An examination of the TTP’s historical evolution since its emergence in 2007 clearly shows that the organization was degraded significantly throughout much of the last decade, as indicated by its declining operational activity in Pakistan post 2014-15. Major contributors to the TTP’s decline were internecine conflict, heavy losses from military operations, splintering and defections to Islamic State Khorasan (ISK), and significant reputational costs associated with ruthless civilian targeting. In this context, it is perhaps unexpected that the group resurged post 2018, intensified its attacks on Pakistani security personnel, and successfully repositioned itself to negotiate with the Pakistani state from a position of strength, presenting bold demands of autonomy and constitutional reversals.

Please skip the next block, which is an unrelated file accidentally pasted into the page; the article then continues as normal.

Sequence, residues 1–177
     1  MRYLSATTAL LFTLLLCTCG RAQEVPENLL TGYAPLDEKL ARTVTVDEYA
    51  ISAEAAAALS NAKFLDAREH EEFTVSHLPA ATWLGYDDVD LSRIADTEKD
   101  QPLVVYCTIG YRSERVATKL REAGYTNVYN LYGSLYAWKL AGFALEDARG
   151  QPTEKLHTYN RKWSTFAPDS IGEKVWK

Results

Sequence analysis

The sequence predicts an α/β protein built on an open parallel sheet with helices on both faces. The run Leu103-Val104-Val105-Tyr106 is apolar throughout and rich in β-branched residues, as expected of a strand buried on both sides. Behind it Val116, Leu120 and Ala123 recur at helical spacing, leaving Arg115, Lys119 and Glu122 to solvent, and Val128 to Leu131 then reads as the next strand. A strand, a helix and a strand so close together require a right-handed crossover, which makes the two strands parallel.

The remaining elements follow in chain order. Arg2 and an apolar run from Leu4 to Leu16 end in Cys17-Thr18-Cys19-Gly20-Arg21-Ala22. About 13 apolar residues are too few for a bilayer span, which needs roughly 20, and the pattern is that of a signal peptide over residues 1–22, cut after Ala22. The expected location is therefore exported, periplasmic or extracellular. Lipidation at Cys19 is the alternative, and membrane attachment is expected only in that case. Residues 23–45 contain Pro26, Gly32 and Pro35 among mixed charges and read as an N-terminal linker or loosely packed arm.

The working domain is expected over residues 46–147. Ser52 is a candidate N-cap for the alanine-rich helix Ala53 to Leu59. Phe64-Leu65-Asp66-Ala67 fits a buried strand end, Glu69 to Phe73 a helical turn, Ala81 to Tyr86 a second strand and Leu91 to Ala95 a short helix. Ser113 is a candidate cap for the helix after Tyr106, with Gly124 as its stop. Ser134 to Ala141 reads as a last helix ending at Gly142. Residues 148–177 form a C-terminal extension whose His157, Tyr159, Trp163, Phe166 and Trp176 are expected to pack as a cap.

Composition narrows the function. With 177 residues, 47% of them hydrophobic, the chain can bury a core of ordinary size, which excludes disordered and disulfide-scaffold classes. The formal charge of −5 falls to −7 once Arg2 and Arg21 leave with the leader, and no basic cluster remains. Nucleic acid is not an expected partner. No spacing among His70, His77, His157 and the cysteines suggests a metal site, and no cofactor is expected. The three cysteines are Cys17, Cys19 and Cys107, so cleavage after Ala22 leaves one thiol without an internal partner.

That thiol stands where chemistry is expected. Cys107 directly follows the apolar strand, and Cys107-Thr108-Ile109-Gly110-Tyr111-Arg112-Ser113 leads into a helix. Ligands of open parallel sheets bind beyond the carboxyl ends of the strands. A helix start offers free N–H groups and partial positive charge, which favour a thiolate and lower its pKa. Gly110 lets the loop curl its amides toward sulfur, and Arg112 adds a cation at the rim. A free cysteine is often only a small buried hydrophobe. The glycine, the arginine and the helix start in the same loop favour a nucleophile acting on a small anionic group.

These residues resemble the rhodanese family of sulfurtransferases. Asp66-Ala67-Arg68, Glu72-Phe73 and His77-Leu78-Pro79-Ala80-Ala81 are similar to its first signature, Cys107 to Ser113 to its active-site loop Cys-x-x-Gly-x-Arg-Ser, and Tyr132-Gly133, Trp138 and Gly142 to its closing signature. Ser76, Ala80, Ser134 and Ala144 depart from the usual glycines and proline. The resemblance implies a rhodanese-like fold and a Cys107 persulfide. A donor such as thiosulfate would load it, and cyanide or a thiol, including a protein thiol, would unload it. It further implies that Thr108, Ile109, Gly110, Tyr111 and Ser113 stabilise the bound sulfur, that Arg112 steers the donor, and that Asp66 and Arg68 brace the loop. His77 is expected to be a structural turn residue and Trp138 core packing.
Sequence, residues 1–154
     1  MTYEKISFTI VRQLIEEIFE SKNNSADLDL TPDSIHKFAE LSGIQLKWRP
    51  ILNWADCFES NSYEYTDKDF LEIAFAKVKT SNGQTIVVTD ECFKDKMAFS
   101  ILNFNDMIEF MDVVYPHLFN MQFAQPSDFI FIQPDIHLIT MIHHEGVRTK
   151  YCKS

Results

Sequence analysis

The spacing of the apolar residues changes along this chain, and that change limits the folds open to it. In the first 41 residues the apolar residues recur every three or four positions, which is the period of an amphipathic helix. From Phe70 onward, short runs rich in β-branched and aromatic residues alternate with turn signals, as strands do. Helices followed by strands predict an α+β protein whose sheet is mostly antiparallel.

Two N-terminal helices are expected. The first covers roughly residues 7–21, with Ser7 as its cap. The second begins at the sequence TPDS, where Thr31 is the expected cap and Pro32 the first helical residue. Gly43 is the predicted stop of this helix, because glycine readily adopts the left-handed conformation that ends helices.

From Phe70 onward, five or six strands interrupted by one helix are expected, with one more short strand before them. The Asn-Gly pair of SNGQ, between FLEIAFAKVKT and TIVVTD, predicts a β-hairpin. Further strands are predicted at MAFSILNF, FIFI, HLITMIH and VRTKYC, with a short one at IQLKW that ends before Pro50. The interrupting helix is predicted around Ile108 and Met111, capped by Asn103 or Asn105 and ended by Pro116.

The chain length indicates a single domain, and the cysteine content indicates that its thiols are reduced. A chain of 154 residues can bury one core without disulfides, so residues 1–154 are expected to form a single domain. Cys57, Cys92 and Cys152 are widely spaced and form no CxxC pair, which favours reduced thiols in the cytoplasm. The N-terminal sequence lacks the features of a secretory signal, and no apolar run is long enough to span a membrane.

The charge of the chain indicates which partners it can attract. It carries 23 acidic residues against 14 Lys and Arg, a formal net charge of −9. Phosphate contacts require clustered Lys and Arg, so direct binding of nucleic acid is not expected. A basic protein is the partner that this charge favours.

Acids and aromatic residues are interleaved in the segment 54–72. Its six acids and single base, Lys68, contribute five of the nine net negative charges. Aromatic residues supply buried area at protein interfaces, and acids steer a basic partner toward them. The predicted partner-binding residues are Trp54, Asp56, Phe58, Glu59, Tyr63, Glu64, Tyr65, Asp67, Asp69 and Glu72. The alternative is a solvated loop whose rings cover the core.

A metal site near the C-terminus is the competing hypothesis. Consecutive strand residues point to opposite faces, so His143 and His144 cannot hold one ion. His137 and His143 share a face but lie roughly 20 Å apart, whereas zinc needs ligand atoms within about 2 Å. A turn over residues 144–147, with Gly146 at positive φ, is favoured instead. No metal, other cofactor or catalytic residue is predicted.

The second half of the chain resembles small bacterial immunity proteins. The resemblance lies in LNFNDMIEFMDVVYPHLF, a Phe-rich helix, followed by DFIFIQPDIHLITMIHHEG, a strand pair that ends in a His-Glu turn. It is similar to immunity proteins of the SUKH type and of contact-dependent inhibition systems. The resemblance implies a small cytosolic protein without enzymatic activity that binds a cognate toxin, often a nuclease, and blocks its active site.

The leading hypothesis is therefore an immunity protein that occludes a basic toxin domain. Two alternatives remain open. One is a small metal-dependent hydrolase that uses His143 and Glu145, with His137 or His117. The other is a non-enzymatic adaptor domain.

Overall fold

What explains the TTP’s current unrelenting political posture? To shed further light on the underlying drivers of the TTP’s intransigent stance in its negotiations with the Pakistani state, we explore how the Afghan Taliban leadership’s role as a reluctant facilitator—i.e. its limited interest in pressuring the TTP to concede to Pakistan—has emboldened the TTP’s demands, coercive tactics, and messaging efforts to recreate its image. Additionally, we discuss how both the optics of Pakistan’s eagerness to negotiate with a proscribed group while experiencing significant internal socioeconomic and political challenges, as well as prevailing anti-Pakistan sentiment amongst Afghan Taliban militants, have contributed to the TTP’s current emboldened status.